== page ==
To poach talent, banks are adding signing bonuses, extra vacation days, healthcare increases, special programs for mental wellness and home office perks, all tailored to individual requests, Vlaad said.

TD Securities, Barclays, CIBC World Markets are the top M&A advisers year to date. All three declined to comment on hiring plans.

Of the top deals announced this year, Rogers Communications Inc’s C$20 billion ($16.2 billion) bid for Shaw Communications Inc and Canadian National’s bid $33.6 billion offer for Kansas City Southern are the two biggest.

Despite the pandemic, five of the top six Canadian banks paid an average of C$3.1 billion ($2.50 billion) in total bonuses last year, up from C$2.9 billion ($2.34 billion) in 2019, an analysis of filings by Reuters showed.

Headcount at National Bank Finance will be up by four or five people in M&A versus the same time last year, David Savard, head of M&A at the bank, told Reuters.

That put the team at 28 for the large-cap M&A team and 10 for the mid-market team, he said, adding both areas were “booming”.

“There seems to be some pent-up demand for entrepreneurial-led companies and private companies doing M&A coming out of COVID,” he said.

David Rawlings, CEO for JPMorgan Canada, agreed headcount would be likely higher in the near future.

“We think activity will continue to be strong and are currently looking to selectively hire with a particular focus on senior diverse candidates,” said Rawlings.

($1 = 1.2453 Canadian dollars)

(Reporting by Maiya Keidan; Editing by Denny Thomas and Lisa Shumaker)

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French court overturns ruling saying sale of cannabidiol is illegal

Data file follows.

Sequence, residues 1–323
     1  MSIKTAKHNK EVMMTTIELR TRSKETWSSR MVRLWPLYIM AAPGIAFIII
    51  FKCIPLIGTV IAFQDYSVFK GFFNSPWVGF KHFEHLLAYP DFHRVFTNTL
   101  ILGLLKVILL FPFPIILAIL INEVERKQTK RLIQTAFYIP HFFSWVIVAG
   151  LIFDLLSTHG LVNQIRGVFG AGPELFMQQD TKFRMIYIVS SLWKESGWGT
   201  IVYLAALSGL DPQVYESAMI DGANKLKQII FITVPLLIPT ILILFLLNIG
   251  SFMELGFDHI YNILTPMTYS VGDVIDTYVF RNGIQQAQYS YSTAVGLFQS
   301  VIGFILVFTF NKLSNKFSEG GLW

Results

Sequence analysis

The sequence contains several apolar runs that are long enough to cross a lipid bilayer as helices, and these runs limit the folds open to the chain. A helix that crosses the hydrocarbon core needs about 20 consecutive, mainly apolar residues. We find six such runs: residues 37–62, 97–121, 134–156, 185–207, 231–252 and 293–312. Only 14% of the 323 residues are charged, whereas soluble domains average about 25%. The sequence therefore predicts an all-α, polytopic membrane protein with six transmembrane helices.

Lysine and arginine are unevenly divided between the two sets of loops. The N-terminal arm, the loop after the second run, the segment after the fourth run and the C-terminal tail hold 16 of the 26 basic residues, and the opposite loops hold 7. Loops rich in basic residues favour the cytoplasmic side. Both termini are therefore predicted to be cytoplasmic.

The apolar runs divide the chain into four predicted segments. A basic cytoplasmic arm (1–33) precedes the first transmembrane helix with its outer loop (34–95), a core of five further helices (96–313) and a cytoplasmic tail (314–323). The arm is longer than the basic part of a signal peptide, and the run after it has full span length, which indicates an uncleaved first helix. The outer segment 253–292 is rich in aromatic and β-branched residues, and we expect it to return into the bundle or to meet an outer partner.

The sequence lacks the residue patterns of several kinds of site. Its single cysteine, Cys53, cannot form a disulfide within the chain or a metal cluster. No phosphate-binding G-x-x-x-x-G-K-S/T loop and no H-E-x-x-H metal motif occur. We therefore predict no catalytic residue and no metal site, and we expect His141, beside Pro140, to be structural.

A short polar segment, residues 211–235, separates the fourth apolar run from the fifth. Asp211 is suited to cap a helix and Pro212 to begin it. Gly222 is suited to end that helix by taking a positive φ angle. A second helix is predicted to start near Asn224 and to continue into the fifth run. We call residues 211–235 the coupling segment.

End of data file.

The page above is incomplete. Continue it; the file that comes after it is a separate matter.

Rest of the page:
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France’s highest appeals court on Wednesday overturned a ruling that stores in the country can’t legally sell cannabidiol (CBD), a non-psychotic compound related to cannabis that is being researched for a variety of medical applications.

Based on the free trade of goods within the European Union, the Cour de cassation ruled that judges could not find the sale of CBD in France illegal if it had been legally produced in a member state of the bloc.

The Court of Justice of the EU ruled last year that no national law can prohibit the sale of CBD legally produced in a member state, the French court also said.

“Without considering whether the substances seized had not been legally produced in another member state of the European Union, the court failed to provide a basis for its decision,” it said, referring to a ruling of a lower appeals court.

The Cour de cassation did not rule whether selling CBD in France was legal or not, and ordered a lower court to rule again on a case involving the owner of a shop selling CBD.

“We are happy”, CBD shop owner Mathieu Bensa, who was not involved in the case, told Reuters after the ruling.

“We did not understand why France was the last country in the European Union that had not given access to the sale of hemp plants”, he said.

Derived mainly from the hemp plant, CBD is increasingly used as a relaxant.

Cannabis stocks have attracted growing interest on world stock markets, particularly on the Toronto stock exchange after Canada became one of the first major economies to legalise the recreational use of marijuana.

Cannabis use is outlawed in France but the country has one of Europe’s highest consumption rates.

(Reporting by Matthieu Protard, Benoit Van Overstraeten and Ardee Napolitano; Editing by Mark Potter)